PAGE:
Pomegranate juice is often touted for its health benefits because, in some clinical studies, it has been shown to be of significant benefit, especially in the prevention of heart disease. An 8-ounce (236.5 ml) glass can contain about 40% of the US Recommended Daily Allowance (RDA) of vitamin C, although many brands available in stores contain little or none because it is destroyed during pasteurization. The juice may also include vitamins A, E, and folic acid, although again this depends on its source.
Further, pomegranate juice has excellent antioxidant properties. It has about three times more antioxidants ounce-for-ounce than does red wine or green tea. Many people also enjoy its rich taste, making it a welcome beverage.
Some research has shown that this juice may work as a blood thinner, and it may be an excellent agent for promoting blood flow to the heart. It also has been shown to reduce plaque in the arteries, and to raise “good” levels of cholesterol while helping lower “bad” cholesterol. This preliminary research suggests that the juice may be helpful in preventing heart disease, heart attacks and stroke. Most medical professionals are quick to point out that consuming pomegranate products should be just one aspect of a healthy diet and exercise program. Alone, it would not cure or completely prevent heart disease.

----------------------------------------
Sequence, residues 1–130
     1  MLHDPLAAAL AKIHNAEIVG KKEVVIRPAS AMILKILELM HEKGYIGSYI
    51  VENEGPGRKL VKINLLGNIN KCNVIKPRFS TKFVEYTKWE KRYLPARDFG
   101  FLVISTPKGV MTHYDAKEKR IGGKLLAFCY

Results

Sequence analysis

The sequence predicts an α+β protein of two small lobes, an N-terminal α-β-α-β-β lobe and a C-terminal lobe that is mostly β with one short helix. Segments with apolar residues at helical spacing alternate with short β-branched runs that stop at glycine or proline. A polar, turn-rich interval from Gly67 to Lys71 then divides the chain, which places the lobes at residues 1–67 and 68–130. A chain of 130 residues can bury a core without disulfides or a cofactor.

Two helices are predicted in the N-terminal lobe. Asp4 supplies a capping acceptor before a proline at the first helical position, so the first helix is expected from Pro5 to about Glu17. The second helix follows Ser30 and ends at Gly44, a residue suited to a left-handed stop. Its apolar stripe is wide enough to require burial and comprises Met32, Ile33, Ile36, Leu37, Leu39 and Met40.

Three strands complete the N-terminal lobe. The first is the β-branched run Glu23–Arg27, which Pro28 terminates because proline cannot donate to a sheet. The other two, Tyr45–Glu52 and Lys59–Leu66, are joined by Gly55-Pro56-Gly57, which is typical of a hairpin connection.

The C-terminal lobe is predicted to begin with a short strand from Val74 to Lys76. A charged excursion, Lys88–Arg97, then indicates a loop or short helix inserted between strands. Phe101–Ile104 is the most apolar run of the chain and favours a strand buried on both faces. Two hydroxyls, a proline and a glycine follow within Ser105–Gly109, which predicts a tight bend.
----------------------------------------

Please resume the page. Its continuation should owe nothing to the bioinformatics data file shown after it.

Some research has also evaluated the antioxidant nature of pomegranate juice and its usefulness in fighting certain forms of cancer. The juice has been tentatively shown to reduce incidence of breast and skin cancer. It has also been tested and shown to slow the growth of prostate cancer in mice.
Another interesting study has evaluated pomegranate juice and osteoarthritis. The juice tends to act as an inhibitor on enzymes responsible for damaging cartilage. These studies applied extract of pomegranate directly onto damaged cartilage, however, and more research would have to examine a cause and effect relationship between oral ingestion and reduction in cartilage deterioration.
Early studies on pomegranate juice do suggest that it is healthy to drink. The fruit can be quite fun to eat as well. There are many pomegranate juice products available, many quite highly priced because of the health craze surrounding them. It is likely, if continued studies show promising health benefits, that more manufacturers will emerge and help ease prices through competition.